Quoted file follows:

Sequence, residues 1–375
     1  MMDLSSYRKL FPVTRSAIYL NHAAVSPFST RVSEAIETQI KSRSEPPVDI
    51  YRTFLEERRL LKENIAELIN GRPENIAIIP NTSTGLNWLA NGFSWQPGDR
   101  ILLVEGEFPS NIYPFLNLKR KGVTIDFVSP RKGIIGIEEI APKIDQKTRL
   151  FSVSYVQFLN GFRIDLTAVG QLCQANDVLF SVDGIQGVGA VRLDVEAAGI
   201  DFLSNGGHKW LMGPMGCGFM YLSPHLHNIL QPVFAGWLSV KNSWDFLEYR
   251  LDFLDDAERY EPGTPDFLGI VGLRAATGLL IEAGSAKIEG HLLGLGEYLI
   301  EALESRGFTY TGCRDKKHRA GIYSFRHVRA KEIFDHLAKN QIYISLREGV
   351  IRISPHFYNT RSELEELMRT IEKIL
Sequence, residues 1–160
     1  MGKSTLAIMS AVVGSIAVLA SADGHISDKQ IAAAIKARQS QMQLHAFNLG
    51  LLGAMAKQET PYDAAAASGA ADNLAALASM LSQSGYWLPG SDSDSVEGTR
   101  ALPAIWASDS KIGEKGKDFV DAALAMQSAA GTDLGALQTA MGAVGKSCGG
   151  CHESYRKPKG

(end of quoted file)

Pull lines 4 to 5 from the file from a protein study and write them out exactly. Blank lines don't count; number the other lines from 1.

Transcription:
   101  ILLVEGEFPS NIYPFLNLKR KGVTIDFVSP RKGIIGIEEI APKIDQKTRL
   151  FSVSYVQFLN GFRIDLTAVG QLCQANDVLF SVDGIQGVGA VRLDVEAAGI